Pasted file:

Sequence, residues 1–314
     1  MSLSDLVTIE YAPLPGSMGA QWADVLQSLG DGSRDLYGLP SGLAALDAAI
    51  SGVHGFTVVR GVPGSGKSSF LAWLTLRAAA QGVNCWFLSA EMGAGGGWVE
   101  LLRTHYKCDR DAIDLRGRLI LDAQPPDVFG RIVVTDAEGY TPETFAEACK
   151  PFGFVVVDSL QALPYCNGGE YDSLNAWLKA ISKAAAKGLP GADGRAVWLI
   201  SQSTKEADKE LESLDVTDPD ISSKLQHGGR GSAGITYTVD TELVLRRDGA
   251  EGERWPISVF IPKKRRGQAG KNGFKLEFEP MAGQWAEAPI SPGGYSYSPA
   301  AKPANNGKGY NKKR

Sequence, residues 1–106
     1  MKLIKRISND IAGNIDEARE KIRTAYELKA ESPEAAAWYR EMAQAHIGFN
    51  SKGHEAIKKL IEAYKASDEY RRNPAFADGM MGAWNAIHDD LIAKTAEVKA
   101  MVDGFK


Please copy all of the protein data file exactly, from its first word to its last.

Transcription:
Sequence, residues 1–314
     1  MSLSDLVTIE YAPLPGSMGA QWADVLQSLG DGSRDLYGLP SGLAALDAAI
    51  SGVHGFTVVR GVPGSGKSSF LAWLTLRAAA QGVNCWFLSA EMGAGGGWVE
   101  LLRTHYKCDR DAIDLRGRLI LDAQPPDVFG RIVVTDAEGY TPETFAEACK
   151  PFGFVVVDSL QALPYCNGGE YDSLNAWLKA ISKAAAKGLP GADGRAVWLI
   201  SQSTKEADKE LESLDVTDPD ISSKLQHGGR GSAGITYTVD TELVLRRDGA
   251  EGERWPISVF IPKKRRGQAG KNGFKLEFEP MAGQWAEAPI SPGGYSYSPA
   301  AKPANNGKGY NKKR

Sequence, residues 1–106
     1  MKLIKRISND IAGNIDEARE KIRTAYELKA ESPEAAAWYR EMAQAHIGFN
    51  SKGHEAIKKL IEAYKASDEY RRNPAFADGM MGAWNAIHDD LIAKTAEVKA
   101  MVDGFK